On the other hand, when it comes to commercial space, no such laws exist. However, it is important to keep the nature of your tenant’s work and how big of a disruption that your entry might cause in mind when deciding how often to conduct an inspection. For example, a tenant in the retail or restaurant industry would experience less disruption during an inspection visit, since people come and go to and from the space as they please. Conversely, medical offices may experience a significant disruption from an inspection, as they must conduct private appointments. This doesn’t mean that you cannot perform unit inspections on these types of properties, but you should consider prioritizing unit inspections so that they are kept minimal. You should also definitely provide at least a several days’ notice of a planned inspection to such tenants.
HOW- What can I do to ensure a successful unit inspection?
Property managers should include an entry clause within the lease that address what the tenant can expect regarding unit inspections. The clause should include the following:
- Emergency situations, such as a break-in, gas leak or fire, for which you will have the right to enter the unit
- Other inspection situations for which tenants can expect you may enter the unit, such as the reasons listed above
- Days of the week/time periods in which the property manager may enter the unit
Provide sufficient notice of entry
You will need to be able to schedule non-emergency visits to the rented space ahead of time. The amount of notice will be determined by the sensitivity of the business and what the visit of the property owner involves. In regards to business sensitivity, think of the example of retail vs. medical above. While you may need to give 1-2 days’ notice to a retail tenant, a medical tenant may need an entire week’s notice in order to schedule their appointments accordingly.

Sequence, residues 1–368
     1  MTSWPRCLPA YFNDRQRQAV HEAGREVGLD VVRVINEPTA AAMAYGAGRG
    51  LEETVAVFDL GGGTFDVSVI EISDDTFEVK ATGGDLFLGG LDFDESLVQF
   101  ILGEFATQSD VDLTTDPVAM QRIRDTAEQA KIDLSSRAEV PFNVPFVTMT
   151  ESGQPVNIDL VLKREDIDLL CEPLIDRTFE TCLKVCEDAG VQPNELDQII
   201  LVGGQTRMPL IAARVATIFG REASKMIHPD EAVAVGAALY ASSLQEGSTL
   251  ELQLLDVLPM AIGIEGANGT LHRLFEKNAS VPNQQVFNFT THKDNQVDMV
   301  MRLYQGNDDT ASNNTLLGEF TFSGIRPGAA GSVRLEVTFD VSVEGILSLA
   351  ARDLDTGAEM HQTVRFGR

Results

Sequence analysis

The nature of the inspection will also determine the notice needed. If the visit is a quick, routine inspection, it may be easier to work around it. However, in the case of a prolonged inspection, which may involve some construction, more notice will be needed.
Perform the unit inspection
We’ve laid out all the groundwork. Now, this is it. What do you need to accomplish during your inspection? Be sure to achieve the following based on inspection type:
Move-in: It is important to walk through the property together with a new tenant before move in and to make note, in writing, of any damages to the property that may previously exist. Doing so protects both you and the tenant from any legal disputes on the state of the property and any responsibilities for damages.
Move-out: These inspections should also be done together with the tenant before they hand over the keys. This will allow you to document any damages beyond the normal tear and wear which may require significant financial input.
Seasonal inspections: Any property will depreciate in value and encounter new safety issues due to wear and tear and may require some replacements or refurbishments. It is, therefore, important to carry out periodical inspections at the end of every season. Items to check include:
- Wall structure
- Wall outlets
- Fire detectors
- Floor structure
- Furnace filters
- Ceiling structure
- Other items that may be costly to repair
By routinely checking these items, you may catch something that could be a much bigger problem later on.
BONUS- SAFETY BEST PRACTICE: Property Safety and Emergency Preparedness Reminders
A unit inspection is an ideal time to remind your tenants of your safety items to help them on the property. Good examples of leave-behinds include:
The above property manager tips for a unit inspection can help to ensure the safety, upkeep and longevity of your premises, all while maintaining good relationship with your renter and staying aware of the tenant experience. For more information on how Kings III can help keep your property safe, visit www.kingsiii.com.